Energy Efficient Gadgets
Green Building: Rethinking eco-valuation
The current U.S. Green Building Council’s Leadership in Energy & Environmental Design system is under fire, after a class action lawsuit was filed in New York last year, alleging the LEED program lacked building-performance measurement and that energy efficiency claims were often deceptive.
Although the majority of the industry approves of LEED standards, critics say the program’s standards don’t necessarily make a building as energy efficient as it can be, said Meghna Tare, director of sustainability for the University of Texas at Arlington.
“Those standards are open to interpretation,” Tare said. “A building can be a very efficient, without having LEED certification.”
How “green” is measured and the definition of LEED certification could gain some enlightenment from the Urban Living Laboratory, a $128 million private-public partnership between Arlington-based Realty Appreciation Ltd. and Texas A&M University.
The laboratory has already attracted more than 20 companies and more than a dozen universities throughout the country to the project.
Each outlet, faucet, light bulb and appliance placed in the 1.1 million-square-foot, 38-building laboratory in North Dallas will have sensors measuring and tracking data for researchers.
The researchers — from the private-sector as well as academics — will study the data and develop earth-friendly, cost-saving products for consumers, such as new toilets, light sensors and other technologies, said Kevin Rogers, director of real estate with Reality Appreciation Ltd. and project manager on the laboratory.
The laboratory includes 600 apartments, 150,000 square feet of office space, 105,000 square feet of retail space and two hotels equaling 250 rooms. The laboratory will have room for about 3,500 residents and provide enough on-site space for 1,800 employees.
Realty Appreciation is investing roughly $35 million to $40 million to build the Urban Living Laboratory and will finance the remainder of the project, Rogers said.
“Cities are the core of the world’s environmental problems, because cities occupy 2 percent of the world’s landmass and consume 75 percent of its resources,” Rogers said. “It’s a huge problem.”
Within those cities, buildings account for a significant amount of that energy consumption, he said, and there’s a need, driven by conservation and companies, for measurable energy efficient products.
“These companies don’t know how consumers use their products, but with the laboratory’s sensors, they’ll know,” Rogers said, adding that those companies will study human behavior through the laboratory to design future consumer products.
The company partners on the project will continually replace laboratory devices throughout the development, which has a long-term commitment to remain LEED certified for 75 years.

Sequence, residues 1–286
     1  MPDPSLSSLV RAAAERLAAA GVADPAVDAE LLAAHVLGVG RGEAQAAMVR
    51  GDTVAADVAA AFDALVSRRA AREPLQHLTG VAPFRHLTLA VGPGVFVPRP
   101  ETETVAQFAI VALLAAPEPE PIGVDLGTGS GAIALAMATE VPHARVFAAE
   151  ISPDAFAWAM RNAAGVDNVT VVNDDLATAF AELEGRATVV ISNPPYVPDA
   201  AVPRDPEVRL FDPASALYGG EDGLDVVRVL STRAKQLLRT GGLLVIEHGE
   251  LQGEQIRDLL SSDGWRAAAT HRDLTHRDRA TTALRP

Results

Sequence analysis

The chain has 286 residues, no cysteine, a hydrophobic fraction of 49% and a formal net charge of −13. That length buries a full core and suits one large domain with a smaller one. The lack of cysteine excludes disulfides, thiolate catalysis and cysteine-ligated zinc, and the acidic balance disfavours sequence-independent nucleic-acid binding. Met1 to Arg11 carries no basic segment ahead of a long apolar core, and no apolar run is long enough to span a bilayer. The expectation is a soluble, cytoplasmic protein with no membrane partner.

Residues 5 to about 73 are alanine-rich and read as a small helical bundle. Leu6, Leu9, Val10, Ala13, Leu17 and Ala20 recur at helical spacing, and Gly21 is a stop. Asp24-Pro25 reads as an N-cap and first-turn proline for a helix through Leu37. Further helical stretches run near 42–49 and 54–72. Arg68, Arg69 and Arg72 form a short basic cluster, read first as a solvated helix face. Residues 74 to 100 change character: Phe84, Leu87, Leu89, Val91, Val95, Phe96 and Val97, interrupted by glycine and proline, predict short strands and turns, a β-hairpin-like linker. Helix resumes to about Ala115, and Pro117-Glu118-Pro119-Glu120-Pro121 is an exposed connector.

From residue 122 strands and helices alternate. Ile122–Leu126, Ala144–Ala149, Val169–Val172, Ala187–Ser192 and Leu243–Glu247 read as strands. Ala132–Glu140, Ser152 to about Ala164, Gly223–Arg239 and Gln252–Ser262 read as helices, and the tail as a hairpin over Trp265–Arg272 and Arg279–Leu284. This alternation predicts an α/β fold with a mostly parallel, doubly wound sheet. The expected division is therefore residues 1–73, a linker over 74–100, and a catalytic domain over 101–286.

The laboratory is expected to break ground by November.
With green technology — such as motion-activated sensors and heating and cooling technology — changing so rapidly in the past decade, it’s difficult to stay on top of the latest sustainability technology, said Sandra Heffernan, president of McKinney-based Sustainable Partners LLC, an environmental consulting company.
The Urban Living Laboratory will help measure the impact of sustainability and bring hard facts to the “green” movement, she said.
“We work on the return-on-investment at the end of the projects and the costs leading up to certification,” Heffernan said. “There’s a misnomer that sustainability programs cost more money to operate.”
Local school districts are also looking to incorporate energy efficiencies into building construction and into school operations, said Eric Horstman, a principal at Dallas-based Corgan Architects.
Corgan Architects designed the nearly $30 million Lady Bird Johnson Middle School for Irving Independent School District, which conceived the idea of using a sustainable building to teach students about sustainability.
The middle school will use solar and wind energy to offset the school’s energy consumption and will be the first middle school in the United States to be considered ‘net zero,’ or an energy-neutral structure, which produces as much energy as it uses, Horstman said.
“With the LEED certification program, you acquire points, (for improvements) such as putting in a bike rack, but it doesn’t change the energy consumed by the building,” he said.
Because the school district is a long-term owner of the building, it made fiscal sense to invest an additional $3.7 million into making it a net-zero building, he said. Irving ISD will recoup the costs in the 12th year.
“I think more people are starting to realize that LEED only gets you so far,” Horstman said. “Net-zero will encourage things that don’t necessarily mean you will save money in year-to-date operating costs, but year-to-year, you’ll save money. The technology is getting better every day.”
Tagged Clean Energy, Enegry Efficiency, Enegry Neutral, Energy and Environmental Design, Energy Conservation, Energy Efficient Buildings, Energy Efficient Design, Energy Savings, Energy-Neutral, Green Building, Green Energy, LEED, LEED Certification, Net-Zero Homes, Renewable Energy, Solar Power, Sustaiinability Programs, Sustainability, US Green Building Council, Wind Power